The Institute for Local Self Reliance has taken a deep dive into broadband providers and competition for their latest report – Profiles of Monopoly: Big Cable & Telecom. On the highest level, this is what they found…

Real Competition Drives Investment
: The telecom companies have invested in Fiber-to-the-Home in areas where they face competition, which are generally more urban areas. The advent of Google Fiber in 2011 further increased the competition in urban markets. Efforts to increase investment from the largest firms in more rural areas have largely failed. Though states have varied regulations, the same trend results in every state — investment by the large ISPs is correlated to competition rather than the regulatory environment. This reality does not suggest that competition between a cable monopoly and a telephone monopoly is sufficient for high-quality Internet access, but it clearly helps to ensure connections at the minimum definition of broadband.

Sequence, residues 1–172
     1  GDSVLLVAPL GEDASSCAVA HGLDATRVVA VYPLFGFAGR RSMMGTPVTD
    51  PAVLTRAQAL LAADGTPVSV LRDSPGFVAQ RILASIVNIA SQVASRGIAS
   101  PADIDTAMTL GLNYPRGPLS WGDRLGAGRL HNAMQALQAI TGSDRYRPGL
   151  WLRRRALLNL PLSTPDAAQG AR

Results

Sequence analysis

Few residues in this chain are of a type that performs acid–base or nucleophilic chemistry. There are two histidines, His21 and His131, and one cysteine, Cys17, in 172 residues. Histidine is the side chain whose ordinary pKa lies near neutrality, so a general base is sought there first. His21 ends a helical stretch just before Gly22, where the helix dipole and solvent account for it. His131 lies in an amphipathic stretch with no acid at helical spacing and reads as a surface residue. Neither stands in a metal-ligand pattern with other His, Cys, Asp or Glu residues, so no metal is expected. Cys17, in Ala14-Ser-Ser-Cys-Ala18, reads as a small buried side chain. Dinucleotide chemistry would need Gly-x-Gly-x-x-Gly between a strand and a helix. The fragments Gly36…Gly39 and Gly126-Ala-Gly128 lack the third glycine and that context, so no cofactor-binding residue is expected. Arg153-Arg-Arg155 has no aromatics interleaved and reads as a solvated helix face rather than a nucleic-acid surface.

Big Cable Companies Dominate: 
These networks are capable of delivering high-speed broadband to everyone within their service area, a legacy of the local franchising requirements that often required universal service or at least service to all areas with a specified density of housing. More than half of the states have since removed local authority to negotiate such provisions but they bear some responsibility for the far-reaching cable networks.

Big Cable and Telecom Focus on Urban Markets
: The big cable and telecom companies fight over urban customers, not rural customers. About 98 percent of the urban population (254 million people) have access to broadband. About 5 million urban residents, however, remain without broadband access. In rural areas, only 69 percent of the population (43.6 million people) have broadband access, leaving 19.3 million rural residents without high-speed Internet access.